It was somehow fitting that June (Collins) Thompson passed away during the month of November, since part of her legacy is providing free Thanksgiving meals annually to the community.
June passed away Wednesday evening at the age of 89. Her son, Terry, said Friday that her example will live on through both family members as well as the complete strangers whose lives she touched.
For 14 years, through 2012, June spearheaded the Collins Family Thanksgiving Dinner, held at the Highland County Senior Citizens Center. The free Thanksgiving meal started out with 200 to 300 attendees, but eventually grew to welcome nearly 1,000 through the doors each year.
Collins recalled how the dinner began, noting that during one small family Thanksgiving, his mother remarked that it was a shame that more people weren’t on hand to eat all the food that had been prepared.
So, the next year, she invited two complete strangers she had met at a local grocery store to join her family, much to the surprise of other family members including Terry and his older brother, Bill.
“That was interesting,” Terry Collins recalls.
Eventually, she made a proposal on a larger scale, suggesting, “Let’s invite the whole town.”
So, with the senior center secured, the doors were opened to anyone who wanted to join the family for a dinner with all the trimmings. Collins said his mother used to make 60 pies each year for the event, with other family members and volunteers also providing food and other items.
Every year, starting at around 11:30 a.m., a traditional Thanksgiving meal of turkey, ham, mashed potatoes, gravy, green beans, corn, rolls, and various other side dishes and baked goods were served, with anywhere from 900 to 1,000 guests forming long lines cafeteria-style.
In 2011, June suffered a broken hip, and the family assumed the dinners were at an end. June had other ideas. She announced she would heal just fine, and the dinner would go on. She did, and it did.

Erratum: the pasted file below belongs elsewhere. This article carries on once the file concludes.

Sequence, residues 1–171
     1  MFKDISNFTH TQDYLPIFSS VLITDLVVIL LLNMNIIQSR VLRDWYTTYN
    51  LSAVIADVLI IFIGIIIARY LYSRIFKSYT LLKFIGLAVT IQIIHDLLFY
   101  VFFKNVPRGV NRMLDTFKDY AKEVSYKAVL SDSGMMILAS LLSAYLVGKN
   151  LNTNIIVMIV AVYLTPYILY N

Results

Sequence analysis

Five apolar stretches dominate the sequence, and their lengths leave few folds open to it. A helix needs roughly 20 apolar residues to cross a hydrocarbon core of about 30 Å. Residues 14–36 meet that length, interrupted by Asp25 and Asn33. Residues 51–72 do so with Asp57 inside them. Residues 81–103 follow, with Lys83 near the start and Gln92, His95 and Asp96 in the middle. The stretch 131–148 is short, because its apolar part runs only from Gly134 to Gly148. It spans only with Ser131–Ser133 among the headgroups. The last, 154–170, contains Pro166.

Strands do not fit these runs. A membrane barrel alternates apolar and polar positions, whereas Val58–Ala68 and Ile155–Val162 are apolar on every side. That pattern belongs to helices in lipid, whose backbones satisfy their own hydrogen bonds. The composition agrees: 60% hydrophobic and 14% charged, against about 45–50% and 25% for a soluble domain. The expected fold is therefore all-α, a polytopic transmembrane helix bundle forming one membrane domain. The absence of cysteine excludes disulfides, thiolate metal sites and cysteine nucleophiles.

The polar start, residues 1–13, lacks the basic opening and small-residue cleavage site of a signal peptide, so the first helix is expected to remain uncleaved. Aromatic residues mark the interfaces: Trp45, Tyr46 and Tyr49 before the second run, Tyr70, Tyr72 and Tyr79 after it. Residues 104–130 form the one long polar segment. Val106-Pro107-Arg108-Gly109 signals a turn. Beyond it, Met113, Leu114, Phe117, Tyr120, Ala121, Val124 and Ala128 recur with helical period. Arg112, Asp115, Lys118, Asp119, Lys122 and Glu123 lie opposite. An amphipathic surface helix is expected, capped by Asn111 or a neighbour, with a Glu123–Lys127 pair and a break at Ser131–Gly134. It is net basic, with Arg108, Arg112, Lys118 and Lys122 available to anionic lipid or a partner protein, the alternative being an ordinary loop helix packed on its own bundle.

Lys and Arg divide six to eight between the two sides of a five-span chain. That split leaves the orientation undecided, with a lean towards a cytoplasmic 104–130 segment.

By 2013, new regulations from the U.S. Department of Agriculture made it nearly impossible for outside groups to make use of kitchens in facilities like the senior center. Collins acknowledged at the time that with his mom being 86, “it’s kind of a blessing in disguise,” because little would deter her from carrying on the annual event.
Collins said Friday that his mother’s Christian heart is what motivated her to care about others.
“In my entire life – 54 years – I can’t tell you anything she ever did to bring reproach to her Christian testimony,” said Collins. “She always thought about other people.”
Collins said his mother’s word was her bond, and she often shared her belief that “if you make a commitment, you keep it. You do or die.”
He said his mother lived that example throughout her life, including through a card ministry at her church, Hillsboro Free Will Baptist, where she bought and sent cards to anyone who missed church, often adding a personal note. He said the 120 or so cards she received during her recent hospital stay served as a testimony to everyone who saw them “in an age when most people don’t send cards anymore.”
June was preceded in death by her first husband, the Rev. Glen C. Collins, in 1986, and her second husband, Ora M. Thompson, in 2012.
For several years, June owned and operated Granny’s Glass & Gifts in Hillsboro, and she was involved with the design of the very first commemorative bell for the Hillsboro Festival of the Bells, a Fenton Bell she designed after being asked by Paulette Donley to come up with something.
“I confirmed that with Paulette today,” said Collins.
Collins said that in addition to sending cards, his mother prayed for each member of her church every week, as well as for others.
“America has lost a prayer warrior,” he said.
Funeral services will be held at 11 a.m. Tuesday, Nov. 8 at the Hillsboro Free Will Baptist Church. Keith Perkins and Richard Burns will officiate. Burial will follow in the New Market Baptist Cemetery. Visitation will be held from 5-8 p.m. Monday at the church. The Turner & Son Funeral Home in Hillsboro is serving the family.
Reach Gary Abernathy at 937-393-3456 or on Twitter @abernathygary.
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